Planning now to run a Café for Dubai. I will also be running one as part of World Values Day. Here I am going to be a little bit more ambitious - all my virtual Cafés so far have been for less than 20 people but for the World Values Day I am going to shoot for 100 participants. A little bit of a risk but I'll learn a lot and hopefully it will attract people from many different countries. More on both these Cafés soon.

If you would like to be the first to hear about my Zoom events, please sign-up to my Virtual Café mailing list.

Was James Damore acting in good faith and does it matter?

I am sure many of you are by now familiar with the Google memo controversy where a Google software engineer James Damore was fired for a memo that questioned Google's diversity policies. If you have not read the memo you will find it here.

The memo has caused a heated online debate with people fiercely arguing in support of James Damore or against him.

To me, the issue is not who is right or wrong, it is was James Damore acting in good faith, was he genuinely trying to open up a conversation or was he expressing misogynist views.

I have read the memo and watched several interviews with him and I believe he was sincere in his motives.

If you are not familiar with the controversy and wish to form your own opinion here is some interesting reading.

Two arguments against James Damore:
Two supporting him:
and a short video interview (many more on YouTube): Fired Engineer James Damore: I Feel Google Betrayed Me

There is a lot of argument going on but very little constructive discussion - this is the best I could find: Ask A Female Engineer: Thoughts on the Google Memo.

So what do you make of it? Was he acting in good faith? If he was expressing misogynist views, should he have been fired? And even if he was acting in good faith, should he still have been fired?

Want to know what others think? Take a look at this poll: Poll: Google was wrong to fire engineer over diversity memo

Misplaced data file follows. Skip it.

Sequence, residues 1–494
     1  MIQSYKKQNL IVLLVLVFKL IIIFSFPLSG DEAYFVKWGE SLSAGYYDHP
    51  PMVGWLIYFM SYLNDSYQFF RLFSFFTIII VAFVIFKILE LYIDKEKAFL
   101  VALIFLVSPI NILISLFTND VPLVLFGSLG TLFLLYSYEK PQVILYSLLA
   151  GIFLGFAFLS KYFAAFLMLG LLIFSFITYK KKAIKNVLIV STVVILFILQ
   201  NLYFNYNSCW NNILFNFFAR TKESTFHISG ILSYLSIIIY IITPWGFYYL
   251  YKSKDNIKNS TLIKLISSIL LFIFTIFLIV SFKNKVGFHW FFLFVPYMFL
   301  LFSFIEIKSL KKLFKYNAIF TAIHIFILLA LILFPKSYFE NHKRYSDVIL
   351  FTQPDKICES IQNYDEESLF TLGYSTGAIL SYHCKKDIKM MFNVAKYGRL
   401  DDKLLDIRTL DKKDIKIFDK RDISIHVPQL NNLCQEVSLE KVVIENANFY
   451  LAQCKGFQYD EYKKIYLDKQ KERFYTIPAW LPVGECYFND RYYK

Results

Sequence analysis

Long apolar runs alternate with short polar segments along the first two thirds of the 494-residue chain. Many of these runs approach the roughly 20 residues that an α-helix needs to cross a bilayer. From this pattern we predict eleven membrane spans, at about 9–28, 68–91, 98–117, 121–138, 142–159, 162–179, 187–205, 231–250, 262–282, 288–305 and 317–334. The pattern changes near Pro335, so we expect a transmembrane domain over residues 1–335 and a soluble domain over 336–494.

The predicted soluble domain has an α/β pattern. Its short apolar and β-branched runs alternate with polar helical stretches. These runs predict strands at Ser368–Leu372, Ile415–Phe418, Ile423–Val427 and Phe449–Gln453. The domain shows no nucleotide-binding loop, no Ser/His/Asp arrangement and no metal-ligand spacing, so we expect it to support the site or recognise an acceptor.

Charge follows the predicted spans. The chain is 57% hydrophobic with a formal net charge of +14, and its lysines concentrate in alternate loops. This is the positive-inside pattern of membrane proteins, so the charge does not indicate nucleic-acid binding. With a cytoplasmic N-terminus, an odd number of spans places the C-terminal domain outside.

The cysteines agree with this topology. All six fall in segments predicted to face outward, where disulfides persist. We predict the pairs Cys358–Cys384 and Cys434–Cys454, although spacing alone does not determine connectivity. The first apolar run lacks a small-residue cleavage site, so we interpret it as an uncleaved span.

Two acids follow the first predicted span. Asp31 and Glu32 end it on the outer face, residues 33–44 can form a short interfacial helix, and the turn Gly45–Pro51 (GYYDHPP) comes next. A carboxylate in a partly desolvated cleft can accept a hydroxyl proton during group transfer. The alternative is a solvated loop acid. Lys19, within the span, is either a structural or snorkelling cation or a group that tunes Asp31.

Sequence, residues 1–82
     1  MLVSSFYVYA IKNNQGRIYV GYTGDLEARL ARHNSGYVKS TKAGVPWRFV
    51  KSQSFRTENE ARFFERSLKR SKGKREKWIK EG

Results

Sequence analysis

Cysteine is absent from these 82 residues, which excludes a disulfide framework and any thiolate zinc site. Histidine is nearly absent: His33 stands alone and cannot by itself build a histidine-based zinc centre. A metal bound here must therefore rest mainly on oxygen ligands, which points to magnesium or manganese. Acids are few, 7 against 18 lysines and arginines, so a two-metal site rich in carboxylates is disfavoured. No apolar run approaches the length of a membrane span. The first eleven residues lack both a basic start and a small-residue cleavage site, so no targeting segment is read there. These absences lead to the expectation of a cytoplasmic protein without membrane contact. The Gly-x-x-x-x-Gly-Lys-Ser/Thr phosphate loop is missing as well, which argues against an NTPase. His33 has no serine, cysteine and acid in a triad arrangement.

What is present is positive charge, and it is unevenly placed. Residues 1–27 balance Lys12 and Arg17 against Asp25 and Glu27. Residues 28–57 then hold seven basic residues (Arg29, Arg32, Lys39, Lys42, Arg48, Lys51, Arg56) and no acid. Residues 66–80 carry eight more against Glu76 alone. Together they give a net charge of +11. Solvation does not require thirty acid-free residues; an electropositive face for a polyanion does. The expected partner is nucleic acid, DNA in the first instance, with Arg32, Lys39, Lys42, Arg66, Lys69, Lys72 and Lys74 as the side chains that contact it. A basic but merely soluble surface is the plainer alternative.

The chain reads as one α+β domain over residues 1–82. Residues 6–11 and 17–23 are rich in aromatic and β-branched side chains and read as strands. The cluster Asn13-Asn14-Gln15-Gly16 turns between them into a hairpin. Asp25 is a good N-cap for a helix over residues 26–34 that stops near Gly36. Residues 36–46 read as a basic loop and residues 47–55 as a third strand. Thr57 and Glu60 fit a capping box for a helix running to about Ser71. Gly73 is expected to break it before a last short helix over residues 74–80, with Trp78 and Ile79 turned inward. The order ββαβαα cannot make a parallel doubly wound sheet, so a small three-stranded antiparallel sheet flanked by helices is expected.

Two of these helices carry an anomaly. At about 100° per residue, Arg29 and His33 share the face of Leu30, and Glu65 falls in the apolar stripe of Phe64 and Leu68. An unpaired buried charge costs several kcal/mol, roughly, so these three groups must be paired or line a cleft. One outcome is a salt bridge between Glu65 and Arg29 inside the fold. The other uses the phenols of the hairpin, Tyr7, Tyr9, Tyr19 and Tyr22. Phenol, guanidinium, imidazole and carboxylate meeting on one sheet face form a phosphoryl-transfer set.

A final thought, what is the real question we should be asking here?

What is rationality?

In researching for my blook on Conversational Leadership I come across some fascinating people, doing some great work. Julia Galef is my latest find. On her Twitter feed she says she is "A SF-based writer & speaker focused on reasoning, judgment, and the future of humanity." So you can see why I am drawn to her work.

One of the many things she has done is to create a number of short video blogs on YouTube where she shares some of her thoughts and ideas.

Here is one on What is rationality? from 6 years ago and a more recent one on the good faith principle.

Good faith is central to holding real conversations. In human interactions, good faith is the intent to be sincere, to be fair, open, and honest, regardless of the outcome of the interaction. Without good faith, a conversation can never be a real one.

Upcoming Knowledge Events

Here are some of the major KM events taking place around the world in the coming months and ones in which I am actively involved. You will find a full list on my website where you can also subscribe to both regional e-mail alerts and RSS feeds which will keep you informed of new and upcoming events.

2017 Southern African Knowledge Management Summit
29 - 31 Aug 2017, Johannesburg, South Africa

Reflections 2017 Global Conference
06 - 09 Sep 2017, Montreal, Canada

18th European Conference on Knowledge Management
07 - 08 Sep 2017, Barcelona, Spain

GfWM KnowledgeCamp 2017
14 - 15 Sep 2017, Potsdam, Germany

12th European Conference On Innovation and Entrepreneurship 2017
21 - 22 Sep 2017, Paris, France

KM Asia 2017
15 - 16 Nov 2017, Hong Kong, China

Advancing your OD practice
23 - 24 Jan 2018, Henley on Thames, United Kingdom

6th International Conference on Innovation and Entrepreneurship 2018
05 - 06 Mar 2018, Washington DC, United States

Henley Forum Conference 2018
07 - 08 Mar 2018, Henley on Thames, United Kingdom

10th European Conference on Intangibles and Intellectual Capital
19 - 20 Apr 2018, Mechelen, Belgium

Gurteen Knowledge Tweets: August 2017

Here are some of my more popular recent tweets. Take a look, if you are not a Tweeter, you will get a good idea of how I use it by browsing the list of micro-posts.

If you like the Tweets then subscribe to my Tweet stream.

Subscribing and Unsubscribing

You may subscribe to this newsletter on my website. Or if you no longer wish to receive this newsletter or if you wish to modify your e-mail address or make other changes to your membership profile then please go to this page on my website.

The Gurteen Knowledge Letter

The Gurteen Knowledge-Letter is a free monthly e-mail based KM newsletter for knowledge workers. Its purpose is to help you better manage your knowledge and to stimulate thought and interest in such subjects as Knowledge Management, Learning, Creativity and the effective use of Internet technology. Archive copies are held on-line where you can register to receive the newsletter.

It is sponsored by the Henley Forum of the Henley Business School, Oxfordshire, England.

You may copy, reprint or forward all or part of this newsletter to friends, colleagues or customers, so long as any use is not for resale or profit and I am attributed. And if you have any queries please contact me.

Gurteen Knowledge
Fleet, United Kingdom

If you are interested in Knowledge Management, the Knowledge Café or the role of conversation in organizational life then you my be interested in this online book I am writing on Conversational Leadership
David Gurteen